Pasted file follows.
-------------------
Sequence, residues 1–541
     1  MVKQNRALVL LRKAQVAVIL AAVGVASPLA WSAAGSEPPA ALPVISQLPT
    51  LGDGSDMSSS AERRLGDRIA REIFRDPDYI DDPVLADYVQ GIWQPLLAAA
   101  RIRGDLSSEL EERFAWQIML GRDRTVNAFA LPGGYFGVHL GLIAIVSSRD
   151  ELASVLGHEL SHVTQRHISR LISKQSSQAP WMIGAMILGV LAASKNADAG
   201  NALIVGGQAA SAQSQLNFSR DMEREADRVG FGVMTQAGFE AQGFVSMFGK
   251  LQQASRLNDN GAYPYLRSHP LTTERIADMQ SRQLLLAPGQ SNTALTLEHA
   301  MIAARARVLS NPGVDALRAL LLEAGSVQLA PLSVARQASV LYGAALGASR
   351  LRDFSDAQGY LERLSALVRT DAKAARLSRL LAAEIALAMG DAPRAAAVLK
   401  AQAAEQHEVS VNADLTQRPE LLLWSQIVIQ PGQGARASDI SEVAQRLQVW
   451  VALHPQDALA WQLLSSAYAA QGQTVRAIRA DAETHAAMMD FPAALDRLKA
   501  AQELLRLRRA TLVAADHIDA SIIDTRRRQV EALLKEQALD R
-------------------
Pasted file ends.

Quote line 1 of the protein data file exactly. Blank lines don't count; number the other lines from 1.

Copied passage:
Sequence, residues 1–541